Some refugees and asylum seekers may have less than conversational English.
This can be distressing and disempowering. Supporting them to get their most pressing practical needs met can be critical to improving their mental and psychological wellbeing. This can also create the necessary space to help them focus on learning a new language.
We were pleased to have played a positive role in the life of one such Individual.
Last Summer we became aware of an extremely vulnerable Service User (SU). We followed up initially with a wellbeing call made through a SIS Bilingual Community Navigator (BCN). We established he had complex issues and health needs due to trauma suffered while applying for asylum in the UK. The SU expressed his distress at having left his wife and children back home, and the loneliness and challenges experienced in his shared accommodation that housed 8 other residents.
He was struggling with the heatwave, and only left his room to get food. He told us that food available through a local charity was often gone by the time he was able to collect. What food he did obtain was often stolen by others residents, as they shared a fridge. This left him surviving some days by eating just a few pieces of fruit.
Literacy barriers in both English and his mother tongue compounded his isolation. He spoke of his hopes and aspirations for the future, including a desire to learn English and to having a better life.
Our BCN immediately facilitated GP appointments, and encouraged him to talk frankly to the doctor about his emotional stress and physical health needs. Medications necessary to address his epilepsy were prescribed, and directions given so he could collect easily from his local Pharmacy. A referral was also made to the Wellbeing Service. The BCN also provided information updates about Covid-19, including symptoms to look out for and precautions he need take.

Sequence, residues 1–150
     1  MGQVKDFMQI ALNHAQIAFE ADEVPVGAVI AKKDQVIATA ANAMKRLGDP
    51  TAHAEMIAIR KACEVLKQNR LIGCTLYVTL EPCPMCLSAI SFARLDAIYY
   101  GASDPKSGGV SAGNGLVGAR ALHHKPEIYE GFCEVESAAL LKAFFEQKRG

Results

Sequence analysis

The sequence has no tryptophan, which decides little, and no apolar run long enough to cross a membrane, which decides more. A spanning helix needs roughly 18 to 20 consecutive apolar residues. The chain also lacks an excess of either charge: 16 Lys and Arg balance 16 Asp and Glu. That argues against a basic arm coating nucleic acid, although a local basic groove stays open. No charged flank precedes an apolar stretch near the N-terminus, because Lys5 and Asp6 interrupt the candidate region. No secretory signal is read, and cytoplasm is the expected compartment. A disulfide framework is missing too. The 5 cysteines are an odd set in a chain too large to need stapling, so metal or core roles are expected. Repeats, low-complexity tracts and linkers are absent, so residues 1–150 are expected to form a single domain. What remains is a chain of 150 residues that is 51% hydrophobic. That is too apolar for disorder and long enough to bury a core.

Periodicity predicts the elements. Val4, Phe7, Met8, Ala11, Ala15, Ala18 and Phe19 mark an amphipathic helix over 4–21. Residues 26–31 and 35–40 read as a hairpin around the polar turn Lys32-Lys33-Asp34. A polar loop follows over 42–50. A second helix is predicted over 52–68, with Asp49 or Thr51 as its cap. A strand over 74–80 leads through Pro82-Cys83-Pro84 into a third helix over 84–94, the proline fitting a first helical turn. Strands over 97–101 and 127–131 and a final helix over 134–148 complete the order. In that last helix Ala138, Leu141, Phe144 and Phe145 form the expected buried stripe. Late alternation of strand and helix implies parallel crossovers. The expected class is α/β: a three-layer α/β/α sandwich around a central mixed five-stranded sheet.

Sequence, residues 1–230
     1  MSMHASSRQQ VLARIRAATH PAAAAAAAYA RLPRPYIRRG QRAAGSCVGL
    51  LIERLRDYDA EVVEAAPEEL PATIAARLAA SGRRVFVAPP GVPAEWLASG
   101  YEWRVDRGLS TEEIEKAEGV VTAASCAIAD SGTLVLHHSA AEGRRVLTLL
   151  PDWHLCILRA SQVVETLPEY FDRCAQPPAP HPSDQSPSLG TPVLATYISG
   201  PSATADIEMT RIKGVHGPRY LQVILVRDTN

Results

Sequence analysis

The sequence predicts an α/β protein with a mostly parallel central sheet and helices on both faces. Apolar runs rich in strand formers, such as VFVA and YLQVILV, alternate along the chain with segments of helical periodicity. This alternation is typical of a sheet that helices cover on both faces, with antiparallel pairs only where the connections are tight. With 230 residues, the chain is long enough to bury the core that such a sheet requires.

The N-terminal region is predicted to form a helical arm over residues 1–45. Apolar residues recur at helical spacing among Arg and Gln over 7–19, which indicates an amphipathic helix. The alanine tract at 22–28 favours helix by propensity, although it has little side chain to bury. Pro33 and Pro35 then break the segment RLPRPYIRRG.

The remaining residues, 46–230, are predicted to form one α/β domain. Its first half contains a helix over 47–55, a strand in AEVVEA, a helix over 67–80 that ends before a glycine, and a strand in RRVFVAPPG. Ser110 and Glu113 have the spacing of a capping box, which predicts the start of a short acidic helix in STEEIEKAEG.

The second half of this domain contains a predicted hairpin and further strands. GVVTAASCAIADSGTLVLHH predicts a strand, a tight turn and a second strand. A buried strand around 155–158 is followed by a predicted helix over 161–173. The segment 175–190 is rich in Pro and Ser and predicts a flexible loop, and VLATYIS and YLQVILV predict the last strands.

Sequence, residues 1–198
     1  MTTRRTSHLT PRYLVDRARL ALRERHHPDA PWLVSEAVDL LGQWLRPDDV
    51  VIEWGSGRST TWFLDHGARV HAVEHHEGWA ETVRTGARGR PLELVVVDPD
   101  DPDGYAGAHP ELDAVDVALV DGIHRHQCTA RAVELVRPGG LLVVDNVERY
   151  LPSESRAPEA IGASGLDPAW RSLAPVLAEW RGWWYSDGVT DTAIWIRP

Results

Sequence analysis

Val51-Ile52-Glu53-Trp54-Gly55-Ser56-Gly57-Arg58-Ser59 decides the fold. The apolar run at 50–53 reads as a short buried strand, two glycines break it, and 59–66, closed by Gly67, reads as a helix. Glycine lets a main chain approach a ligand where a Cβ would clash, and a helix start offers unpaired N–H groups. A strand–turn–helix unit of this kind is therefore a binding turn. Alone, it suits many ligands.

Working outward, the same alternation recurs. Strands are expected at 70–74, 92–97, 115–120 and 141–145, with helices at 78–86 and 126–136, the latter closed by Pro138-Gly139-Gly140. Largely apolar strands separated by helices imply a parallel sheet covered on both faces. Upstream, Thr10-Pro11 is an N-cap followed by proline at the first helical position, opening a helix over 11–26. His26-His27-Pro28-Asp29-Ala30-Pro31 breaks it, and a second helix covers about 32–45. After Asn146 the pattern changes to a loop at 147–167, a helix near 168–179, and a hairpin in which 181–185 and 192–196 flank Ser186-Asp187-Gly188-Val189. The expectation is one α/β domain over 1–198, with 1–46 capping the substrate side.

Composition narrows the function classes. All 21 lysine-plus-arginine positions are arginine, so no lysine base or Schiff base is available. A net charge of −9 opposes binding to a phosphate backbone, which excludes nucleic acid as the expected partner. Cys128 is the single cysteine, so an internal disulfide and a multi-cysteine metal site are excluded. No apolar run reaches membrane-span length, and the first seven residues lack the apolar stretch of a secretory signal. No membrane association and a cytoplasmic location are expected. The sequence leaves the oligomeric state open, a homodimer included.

SIS reassured we would maintain contact and try our best to secure items he said would help him – a fan and fridge.
Over the following months we continued to support with wellbeing calls. We focused our energies to liaising with other VCS organisations in our efforts to get his essential needs met. We also enlisted the support of another resident as a helpful conduit to passing information to him. We successfully applied for discretionary funding to provide food vouchers, kitchenware and clothing. We were also able to supply a new desk, bed sheets and pillowcases through donations made.
Happily, the generosity of people who responded to our social media posts enabled SIS to provide a fan as well as a second hand fridge.
With the support of colleagues from Brighton Voices in Exile and Migrant ESOL Support Hub we have also organised for him to start taking English classes at the Metropolitan College.
The psychological support for this asylum seeker now being provided through the Wellbeing Service along with the opportunity to learn English, will be important in promoting his ongoing integration in the UK.
We continue to support and facilitate interpreting for his health and wellbeing appointments at his surgery
This SU is in a much happier place and has expressed his excitement at the opportunity to learn English. All those involved, and in particular the BCN feel greatly rewarded at such uplifting news.
We remain committed to ensuring vulnerable individuals do not fall through the cracks during this pandemic, and that SIS continues to do all we can by providing a friendly helping hand.